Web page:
8- Buy a net mask and wear it at all time to avoid swallowing mosquitoes. If you can’t afford masks, try to negotiate with the mosquitoes and ask them kindly not to enter your mouth, or bribe them with a couple of blood drops.
9- There’s no need to feel guilty if you fart during a date or in public, just blame it on the garbage piles and fart at will.
10- The new waves of mosquitoes arriving are harmless and are part of the celebrations prepared by the government to mark the 100th anniversary of the invasion of locusts (jarad) during WWI. If you spot suited up mosquitoes, don’t be afraid.
The garbage crisis is first and foremost a health crisis and Naameh residents are the most affected by this crisis. Residents neighboring the landfill should have been given a financial indemnity as promised and moved outside the area long time ago.
No one should be allowed to live near this poisonous and toxic landfill. The air is contaminated with various toxic substances, the water is contaminated by the landfill, the flies roaming around the garbage and over your food can get you food poisoned or severely sick, and there’s an increasing rate of cancer among the residents as they are left exposed to untreated chemicals.
The Naameh landfill should have never reopened and residents have every right to block the road. The cost to maintain the Naameh landfill is one of the highest in the world and the garbage is not even being treated properly. Moreover, “The combination of organic and dangerous trash in the landfill has created toxic liquid known as leachate, which is much more polluting than sewage water” according to Lebanon Eco Movement President Paul Abi Rached.
All those living near the landfill should relocate the soonest and all medical and relocation expenses should be paid by the government. This should be the Health Ministry’s top priority.
The Environment Minister tweeted today that “the rise in the number of mosquitoes is the result of higher seasonal temperatures and a environment embracing bugs”. While we all are aware of that fact, someone should also remind the Minister that we need to keep our cities clean and get rid of any standing water or uncovered trash to control flies and mosquitoes.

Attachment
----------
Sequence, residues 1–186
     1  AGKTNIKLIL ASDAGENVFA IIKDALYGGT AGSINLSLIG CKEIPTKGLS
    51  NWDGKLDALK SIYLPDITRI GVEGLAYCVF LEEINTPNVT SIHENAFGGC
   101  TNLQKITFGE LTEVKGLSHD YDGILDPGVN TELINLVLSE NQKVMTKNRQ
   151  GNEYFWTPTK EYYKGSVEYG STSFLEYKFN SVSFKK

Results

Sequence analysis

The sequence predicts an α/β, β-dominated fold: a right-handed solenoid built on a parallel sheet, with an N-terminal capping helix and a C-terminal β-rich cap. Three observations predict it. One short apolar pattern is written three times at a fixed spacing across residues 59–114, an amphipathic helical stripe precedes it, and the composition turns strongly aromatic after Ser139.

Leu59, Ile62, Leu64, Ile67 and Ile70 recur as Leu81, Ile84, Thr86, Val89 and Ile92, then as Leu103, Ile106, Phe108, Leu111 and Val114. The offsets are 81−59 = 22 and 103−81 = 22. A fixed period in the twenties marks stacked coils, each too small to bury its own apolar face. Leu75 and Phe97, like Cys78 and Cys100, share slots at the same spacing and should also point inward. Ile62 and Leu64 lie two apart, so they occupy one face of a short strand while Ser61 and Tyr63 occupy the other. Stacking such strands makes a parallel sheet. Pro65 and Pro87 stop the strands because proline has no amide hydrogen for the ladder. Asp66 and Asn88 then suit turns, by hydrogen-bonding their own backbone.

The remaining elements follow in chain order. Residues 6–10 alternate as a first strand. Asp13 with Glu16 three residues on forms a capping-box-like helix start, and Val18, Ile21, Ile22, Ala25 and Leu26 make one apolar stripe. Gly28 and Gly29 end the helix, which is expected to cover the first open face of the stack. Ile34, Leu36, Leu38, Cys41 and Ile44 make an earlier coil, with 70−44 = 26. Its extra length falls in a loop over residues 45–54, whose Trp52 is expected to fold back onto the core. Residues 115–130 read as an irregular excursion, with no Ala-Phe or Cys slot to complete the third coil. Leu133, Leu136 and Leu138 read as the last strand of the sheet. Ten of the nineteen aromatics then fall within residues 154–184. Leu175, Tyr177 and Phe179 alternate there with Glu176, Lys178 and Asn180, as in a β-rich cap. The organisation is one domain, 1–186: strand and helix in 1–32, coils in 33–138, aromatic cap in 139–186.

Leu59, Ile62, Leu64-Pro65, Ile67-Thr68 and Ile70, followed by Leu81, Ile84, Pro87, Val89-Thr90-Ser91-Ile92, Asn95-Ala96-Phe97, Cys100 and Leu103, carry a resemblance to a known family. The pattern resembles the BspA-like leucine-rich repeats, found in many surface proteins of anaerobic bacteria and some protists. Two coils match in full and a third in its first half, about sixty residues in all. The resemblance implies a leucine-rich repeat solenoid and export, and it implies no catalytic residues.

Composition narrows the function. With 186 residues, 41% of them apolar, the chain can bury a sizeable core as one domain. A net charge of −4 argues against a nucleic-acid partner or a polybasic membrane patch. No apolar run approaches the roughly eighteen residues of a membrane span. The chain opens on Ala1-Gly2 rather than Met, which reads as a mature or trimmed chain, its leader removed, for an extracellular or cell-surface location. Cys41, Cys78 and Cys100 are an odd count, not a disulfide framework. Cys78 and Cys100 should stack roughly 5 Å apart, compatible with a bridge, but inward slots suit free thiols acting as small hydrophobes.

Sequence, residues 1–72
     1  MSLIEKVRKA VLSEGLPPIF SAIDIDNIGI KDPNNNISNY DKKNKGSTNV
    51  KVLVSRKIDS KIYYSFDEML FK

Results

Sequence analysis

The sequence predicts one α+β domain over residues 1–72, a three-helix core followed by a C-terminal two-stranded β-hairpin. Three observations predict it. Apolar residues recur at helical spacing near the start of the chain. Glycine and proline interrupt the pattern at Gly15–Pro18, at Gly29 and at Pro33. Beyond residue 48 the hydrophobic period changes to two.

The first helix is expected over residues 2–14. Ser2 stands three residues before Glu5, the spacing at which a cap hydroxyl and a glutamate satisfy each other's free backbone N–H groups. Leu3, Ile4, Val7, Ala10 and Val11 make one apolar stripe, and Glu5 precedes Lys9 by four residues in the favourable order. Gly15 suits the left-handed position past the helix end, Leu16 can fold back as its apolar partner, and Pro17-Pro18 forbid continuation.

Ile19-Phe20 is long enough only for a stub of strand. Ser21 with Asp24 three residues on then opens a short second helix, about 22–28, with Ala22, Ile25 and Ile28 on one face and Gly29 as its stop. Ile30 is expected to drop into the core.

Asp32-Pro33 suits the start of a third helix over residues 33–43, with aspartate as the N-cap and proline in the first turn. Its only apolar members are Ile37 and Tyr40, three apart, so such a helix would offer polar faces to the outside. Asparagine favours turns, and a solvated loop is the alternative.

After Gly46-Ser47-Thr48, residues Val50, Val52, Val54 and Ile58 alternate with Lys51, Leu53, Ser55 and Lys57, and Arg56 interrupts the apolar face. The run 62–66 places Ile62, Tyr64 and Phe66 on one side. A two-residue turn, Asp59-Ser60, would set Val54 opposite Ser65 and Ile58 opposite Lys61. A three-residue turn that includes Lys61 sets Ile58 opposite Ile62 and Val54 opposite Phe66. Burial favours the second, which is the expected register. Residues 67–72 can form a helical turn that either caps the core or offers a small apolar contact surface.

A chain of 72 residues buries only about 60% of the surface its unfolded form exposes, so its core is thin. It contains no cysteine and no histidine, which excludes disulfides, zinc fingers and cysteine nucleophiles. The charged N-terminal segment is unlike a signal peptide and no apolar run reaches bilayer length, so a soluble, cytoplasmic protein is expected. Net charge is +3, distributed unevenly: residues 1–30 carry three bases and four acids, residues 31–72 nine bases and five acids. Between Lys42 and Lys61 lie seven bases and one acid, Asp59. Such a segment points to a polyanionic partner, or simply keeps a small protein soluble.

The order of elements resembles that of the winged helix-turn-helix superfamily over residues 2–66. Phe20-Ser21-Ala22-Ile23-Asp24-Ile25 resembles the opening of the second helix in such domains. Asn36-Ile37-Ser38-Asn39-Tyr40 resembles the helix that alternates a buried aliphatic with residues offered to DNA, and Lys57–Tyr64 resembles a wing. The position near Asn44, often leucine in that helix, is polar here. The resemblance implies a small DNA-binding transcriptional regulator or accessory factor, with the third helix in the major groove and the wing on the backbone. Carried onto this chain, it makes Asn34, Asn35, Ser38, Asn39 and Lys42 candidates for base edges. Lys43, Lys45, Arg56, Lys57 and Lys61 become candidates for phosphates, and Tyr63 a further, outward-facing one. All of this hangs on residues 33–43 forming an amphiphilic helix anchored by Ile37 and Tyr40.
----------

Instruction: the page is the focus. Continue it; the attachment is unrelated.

Uncovered trash is all a mosquito needs to start a family, so imagine what hundreds of tons of uncovered piles of trash over a 9 month period can do.
The above statement was shared by Embrace Fund and translates to the following:
The Ministry of Public Health officially urges all Lebanese hospitals to refrain from their usual practice of reporting drug addicts to the police upon their arrival to the Emergency Department.
This practice discourages many young individuals from seeking treatment and in many cases leads to tragic consequences.
As stated in the memo below, the law mandates treating individuals suffering from drug addiction as any patient who has the right to quality care and respect of his/her privacy, without any stigma or discrimination. The law is also designed to encourage addicts to seek treatment and rehabilitation, rather than be criminalized or punished.
This means that in the event of overdose, the hospitals will no longer need to report the cases to the police and will treat the individual as a patient not as a criminal. This is great news and a huge step forward as these individuals should get help and not be interrogated the second day.
Just to give you an idea on the systematic arrests of drug addicts in Lebanon (preventive detention) and the flagrant violations of basic human rights, I recommend you read this article published last year on Legal Agenda.
Here’s a small excerpt:
One of the major and critical obstacles is the phenomenon of systematically arresting addicts during preliminary investigations. A 2010 study of legal prosecutions conducted by NGO Skoun (Lebanese Addictions Center), showed that in 90% of cases the Public Prosecution Office arrested the addicts during the preliminary investigation. The average period of administrative detention (which takes place before the case is referred to the competent public prosecution’s office) lasted 6½ days, which exceeds the maximum period of 96 hours allowed by law. In a more recent case (2013), a suspected drug user was detained for 20 days in the Antelias police station, a flagrant violation of Article 47 of the Code of Criminal Procedure. The delay occurred on the pretext of administrative congestion within the Central Anti-Drug Bureau (which has investigative jurisdiction), and in the Baabda Palace of Justice (home of the Public Prosecution Office with jurisdiction to settle the case). The Central Anti-Drug Bureau merely sent an investigator to the Antelias police station to conduct the necessary interrogations with the detained suspect, but this did not result in his release. In fact, the suspect was only released after a long toil in which one request after another were presented to the Investigating Judge in Baabda.